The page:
In the operation of the system of the present invention, a film segment is obtained from a roll of film contained within a light sealed film enclosure or compartment 13. The roll of film 20 is mounted on end caps or flanges 21 which are rotatably supported on rollers 22. Drive rollers 25 and 26 engage this upper and lower surfaces of the film and feed the film from the roll 20 through a guide slot 30 into the plotter compartment 15. The film exit through a horizontal guiding slot 30 is defined between upper and lower horizontal guide members 31 and 32. At the outer end of the guide slot 30 is a vertical cutting slot 33 which is defined between the lower horizontal guide member 32 and a lower curvilinear guide surface 34. An upper arcuately curved guide surface 35 together with the lower guide surface 34 defined on arcuate guide slot which permits film to be directed onto the inner surface 36 of a cylindrically shaped platten 37. Film is positioned around the inner surface 36 of the cylindrically shaped platten by actuation of the drive rollers 25 and 26. The leading edge of the film is moved across the surface 36 until it engages a stop on the opposite edge of the platten 37. When the film is positioned on the surface 36, it is cut lengthwise by a cutter blade 39. The cutter blade 39 extends through the cutter slot 33 and is movable longitudinally of the film to cut the film to separate a film segment from the roll supply of the film. Prior to cutting the film, a vacuum chamber 16 is used to draw the film into intimate contact with the platten 37 and hold the film firmly in position.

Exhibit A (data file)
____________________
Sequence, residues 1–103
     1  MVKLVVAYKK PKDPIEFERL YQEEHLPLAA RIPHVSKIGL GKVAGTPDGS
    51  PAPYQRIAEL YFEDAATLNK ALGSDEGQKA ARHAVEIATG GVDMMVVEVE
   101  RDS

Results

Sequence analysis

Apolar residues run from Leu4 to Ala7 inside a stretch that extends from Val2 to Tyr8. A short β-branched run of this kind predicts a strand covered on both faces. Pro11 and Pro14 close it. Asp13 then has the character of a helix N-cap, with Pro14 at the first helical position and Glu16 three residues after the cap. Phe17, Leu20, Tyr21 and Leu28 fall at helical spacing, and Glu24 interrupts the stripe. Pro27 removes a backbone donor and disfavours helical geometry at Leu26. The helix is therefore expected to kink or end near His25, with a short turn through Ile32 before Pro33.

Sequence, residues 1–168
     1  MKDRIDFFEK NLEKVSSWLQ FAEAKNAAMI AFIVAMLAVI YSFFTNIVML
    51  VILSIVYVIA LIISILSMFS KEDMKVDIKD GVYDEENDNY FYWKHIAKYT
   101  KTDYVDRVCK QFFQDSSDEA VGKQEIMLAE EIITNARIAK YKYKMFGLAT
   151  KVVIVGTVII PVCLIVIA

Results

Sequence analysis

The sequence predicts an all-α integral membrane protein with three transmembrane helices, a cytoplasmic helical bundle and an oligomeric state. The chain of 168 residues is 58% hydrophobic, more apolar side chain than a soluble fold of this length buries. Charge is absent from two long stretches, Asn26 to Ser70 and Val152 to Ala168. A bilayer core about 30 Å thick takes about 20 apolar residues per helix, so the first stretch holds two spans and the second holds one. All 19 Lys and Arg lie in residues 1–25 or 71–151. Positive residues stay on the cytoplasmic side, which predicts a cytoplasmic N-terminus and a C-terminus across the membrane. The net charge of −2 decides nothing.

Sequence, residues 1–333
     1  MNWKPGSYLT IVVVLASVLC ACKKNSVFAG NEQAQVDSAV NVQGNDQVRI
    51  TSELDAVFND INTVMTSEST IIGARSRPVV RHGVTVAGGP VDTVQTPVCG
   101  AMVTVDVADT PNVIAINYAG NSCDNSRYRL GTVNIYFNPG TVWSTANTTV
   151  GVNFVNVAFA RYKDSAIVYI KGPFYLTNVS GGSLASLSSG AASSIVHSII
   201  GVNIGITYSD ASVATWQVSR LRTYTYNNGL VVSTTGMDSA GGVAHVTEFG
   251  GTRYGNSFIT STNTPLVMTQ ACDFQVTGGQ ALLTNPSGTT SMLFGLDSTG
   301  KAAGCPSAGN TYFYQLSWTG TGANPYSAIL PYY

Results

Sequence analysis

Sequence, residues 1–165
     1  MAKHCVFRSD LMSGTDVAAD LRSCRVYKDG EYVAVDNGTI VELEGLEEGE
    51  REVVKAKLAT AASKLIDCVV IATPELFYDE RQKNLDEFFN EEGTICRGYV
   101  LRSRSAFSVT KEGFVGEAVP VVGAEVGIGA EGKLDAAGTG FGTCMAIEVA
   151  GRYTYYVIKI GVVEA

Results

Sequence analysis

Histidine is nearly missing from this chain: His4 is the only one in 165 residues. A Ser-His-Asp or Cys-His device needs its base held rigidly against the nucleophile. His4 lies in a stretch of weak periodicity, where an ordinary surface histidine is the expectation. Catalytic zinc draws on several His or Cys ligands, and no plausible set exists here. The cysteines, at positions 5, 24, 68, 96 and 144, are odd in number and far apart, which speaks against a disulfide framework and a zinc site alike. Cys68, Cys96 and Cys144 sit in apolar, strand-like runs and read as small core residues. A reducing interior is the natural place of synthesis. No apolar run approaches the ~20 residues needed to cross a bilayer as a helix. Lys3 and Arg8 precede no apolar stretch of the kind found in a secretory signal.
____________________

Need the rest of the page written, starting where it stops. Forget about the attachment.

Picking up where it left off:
A rotatable source or scanning means 40 on a central axis projects light information or data to the film on the surface 36. The scanning means 40 (FIG. 4) is mounted on a traverse frame 41. The traverse frame 41 is mounted for movement lengthwise of the film plotter compartment 15. A laser 42 (FIG. 3) in the laser housing 12 provides a light modulated source of discrete light spots which are transmitted along a central axis to the source and thence transversely to the film. The film is exposed in proportion to the intensity of the light spots.